The Houston Rockets and their fans went through denial, anger, bargaining, and depression.
Now they have come around to acceptance that they will have to trade James Harden. Just don’t expect the Rockets’ front office to rush the process or necessarily send Harden where he wants to go if another team steps up with a better offer.
“The sense I get from the Rockets is that their ambition, their goal, their hope is no longer about salvaging the relationship with James Harden and kind of getting him on board. There’s a realization, you know, his mind is made up. He wants out and there is a determination to say ‘Okay, we get it. This happens in the NBA, but just because James Harden wants out doesn’t mean he gets to dictate where and for what [he’s traded]…
“Harden doesn’t get to say where he’s traded and basically force the Rockets to take a package that is 60 cents on the dollar for a perennial MVP candidate. I think what the Rockets are doing right now is they’re prepping for the post-Harden rebuild.”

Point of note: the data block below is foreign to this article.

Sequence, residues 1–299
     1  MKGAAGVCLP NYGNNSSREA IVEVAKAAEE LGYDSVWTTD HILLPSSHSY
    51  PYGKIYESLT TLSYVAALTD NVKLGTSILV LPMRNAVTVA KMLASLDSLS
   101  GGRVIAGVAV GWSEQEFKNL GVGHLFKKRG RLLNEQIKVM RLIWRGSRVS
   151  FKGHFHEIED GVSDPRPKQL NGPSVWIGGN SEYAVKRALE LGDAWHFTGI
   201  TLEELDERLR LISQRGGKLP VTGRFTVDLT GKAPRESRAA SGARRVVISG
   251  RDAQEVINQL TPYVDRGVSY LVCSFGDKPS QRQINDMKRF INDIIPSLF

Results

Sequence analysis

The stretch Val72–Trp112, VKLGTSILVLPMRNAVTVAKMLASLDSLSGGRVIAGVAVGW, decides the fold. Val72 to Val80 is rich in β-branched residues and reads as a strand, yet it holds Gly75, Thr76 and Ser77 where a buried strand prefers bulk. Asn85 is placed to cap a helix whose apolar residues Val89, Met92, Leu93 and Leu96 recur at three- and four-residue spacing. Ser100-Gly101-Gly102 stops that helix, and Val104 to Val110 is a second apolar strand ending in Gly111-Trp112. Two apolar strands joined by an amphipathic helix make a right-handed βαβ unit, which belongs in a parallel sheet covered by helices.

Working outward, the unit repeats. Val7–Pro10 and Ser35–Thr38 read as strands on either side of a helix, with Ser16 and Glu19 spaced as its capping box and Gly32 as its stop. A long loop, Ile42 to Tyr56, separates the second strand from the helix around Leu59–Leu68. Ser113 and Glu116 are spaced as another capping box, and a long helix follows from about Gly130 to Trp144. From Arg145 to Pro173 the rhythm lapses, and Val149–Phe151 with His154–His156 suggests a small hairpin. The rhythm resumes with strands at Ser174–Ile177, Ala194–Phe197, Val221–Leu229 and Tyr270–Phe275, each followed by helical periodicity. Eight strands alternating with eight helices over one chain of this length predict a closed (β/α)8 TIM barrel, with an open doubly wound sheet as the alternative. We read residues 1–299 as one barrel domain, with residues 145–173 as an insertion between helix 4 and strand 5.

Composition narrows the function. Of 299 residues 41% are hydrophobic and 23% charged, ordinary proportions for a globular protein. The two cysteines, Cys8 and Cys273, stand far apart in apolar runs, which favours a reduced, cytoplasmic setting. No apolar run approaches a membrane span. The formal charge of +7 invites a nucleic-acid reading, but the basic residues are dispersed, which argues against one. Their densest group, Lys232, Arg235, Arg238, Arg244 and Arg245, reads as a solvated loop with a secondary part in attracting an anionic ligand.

Houston expects a HAUL in this deal. If trading Jrue Holiday can net the Pelicans two veteran rotation players (Eric Bledsoe and George Hill), three first-round picks, and two pick swaps, what is Harden worth?
The question is, will any team come in and bid against the Nets, knowing that they would have two years to convince Harden to stay or he could walk? Until some team does, the Nets can try to lowball the Rockets. Is Houston willing to go to training camp with Harden because they cannot find a trade partner?
This game is going to play out for a while; don’t expect a quick resolution.